Talking with my bestie Katie last week, she suggested that I blog more about school, since I usually say little and limit my #jrhighprobs to Twitter (follow for some hilarious 9th grader one-liners).
I stay away from the topic on my blog, not because it’s TMI or I’d get in trouble or anything. Just because it’s not a super positive experience most days. And no one wants to read a sob story. I hope it isn’t one. Just a real analysis of my job right now and how I’m feeling about it. So here goes.
Teaching is something I don’t think anyone really understands until they do it.
Teaching is one of those really weird jobs that elicit a strange variety of responses from people. I imagine it’s similar for cops, government employees, even doctors probably.
On the one hand, people give me a lot of respect and even gratitude when I tell them I’m a teacher. The Beard used to use it all the time when he was selling cars, because people were automatically more empathetic and it made us more likable. I never mind telling people I’m a teacher. I’m proud of it.
On the other hand, people hate you while you’re actually doing your job. Parents accuse us of RIDICULOUS things all the time – hating kids, fixing scores, screwing up grades, losing their student’s assignments, being lazy. Kids are so disrespectful and actively work against us when all we want is to give them a fighting chance in the real world.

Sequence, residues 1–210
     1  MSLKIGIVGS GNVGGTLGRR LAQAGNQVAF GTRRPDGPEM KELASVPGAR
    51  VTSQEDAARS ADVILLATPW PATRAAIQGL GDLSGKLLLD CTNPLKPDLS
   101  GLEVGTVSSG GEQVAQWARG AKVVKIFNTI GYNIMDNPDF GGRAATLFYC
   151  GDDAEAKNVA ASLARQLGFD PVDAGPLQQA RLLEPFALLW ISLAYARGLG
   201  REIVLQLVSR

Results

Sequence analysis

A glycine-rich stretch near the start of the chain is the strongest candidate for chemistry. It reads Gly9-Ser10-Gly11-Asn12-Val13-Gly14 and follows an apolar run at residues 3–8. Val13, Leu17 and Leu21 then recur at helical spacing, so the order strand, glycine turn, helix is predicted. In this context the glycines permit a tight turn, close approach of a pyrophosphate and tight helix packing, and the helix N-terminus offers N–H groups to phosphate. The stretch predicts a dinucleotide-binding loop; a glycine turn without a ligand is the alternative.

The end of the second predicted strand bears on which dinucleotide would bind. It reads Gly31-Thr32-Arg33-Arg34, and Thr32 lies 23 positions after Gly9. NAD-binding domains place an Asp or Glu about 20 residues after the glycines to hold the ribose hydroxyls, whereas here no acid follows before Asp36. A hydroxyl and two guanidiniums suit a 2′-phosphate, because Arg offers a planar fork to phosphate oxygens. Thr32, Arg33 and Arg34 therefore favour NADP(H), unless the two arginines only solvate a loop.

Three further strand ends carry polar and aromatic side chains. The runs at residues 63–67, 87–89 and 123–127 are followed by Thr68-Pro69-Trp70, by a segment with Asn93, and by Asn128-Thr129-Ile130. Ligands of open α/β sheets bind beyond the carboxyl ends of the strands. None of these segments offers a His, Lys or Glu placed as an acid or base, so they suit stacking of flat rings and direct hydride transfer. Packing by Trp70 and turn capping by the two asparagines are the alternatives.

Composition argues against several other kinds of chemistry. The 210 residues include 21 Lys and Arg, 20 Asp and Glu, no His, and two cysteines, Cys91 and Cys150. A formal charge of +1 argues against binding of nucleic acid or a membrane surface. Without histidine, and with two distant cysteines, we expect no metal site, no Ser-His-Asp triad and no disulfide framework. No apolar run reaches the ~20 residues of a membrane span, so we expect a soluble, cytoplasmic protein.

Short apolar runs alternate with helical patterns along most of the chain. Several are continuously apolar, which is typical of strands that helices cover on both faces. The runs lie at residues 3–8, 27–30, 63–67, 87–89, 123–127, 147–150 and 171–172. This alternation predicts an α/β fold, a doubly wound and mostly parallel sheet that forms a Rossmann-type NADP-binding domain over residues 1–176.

REALLY? Really? You think that I get paid very little to drive 30 minutes to deal with disgusting kids that have 0 respect for adults (thanks to you, parents, sorry.) and have our job benefits continually threatened because I HATE KIDS? You think we’re trying to ruin your life by making you read? Pure evil, us teachers are.
Education has come so far from where it was when I was in junior high 10 years ago. Contrary to popular belief, history isn’t just reading the textbook and memorizing dates. I focus every day on teaching life skills while also covering major things they should know – like learning proper group work skills while we study George Washington’s crossing of the Delaware, or public speaking/presentation skills while forming their opinions about the 2012 election.
All the teachers do this. Every teacher in this building cares SO MUCH, too much about these kids. There might be one or two reaching the bitter side, but we should honestly just be amazed that there aren’t more.
Because teaching kind of sucks, to be candid. Most days I put together a good lesson, knowing I could make it great, but what’s the point? The kids barely care enough to show up, and anything beyond that will be a struggle. So I can plan a great, more difficult lesson, but it will just mean more work and frustration for me. And even if they do learn it better, I am too tired and frustrated to continue that level of effort the following day.
The worst part are the 10 or 12 kids that are always breaking things, stapling their hands, drawing giant penises on the walls, shouting curse words and refusing to listen to any adult in the building. I even like most of them,strangely enough. But they are impossible to have in a classroom, and there’s nothing we can do about it. Just try to balance babysitting them with teaching the rest of the class. Minimize damage. Wait until they do something bad enough to be suspended or go to Juvi.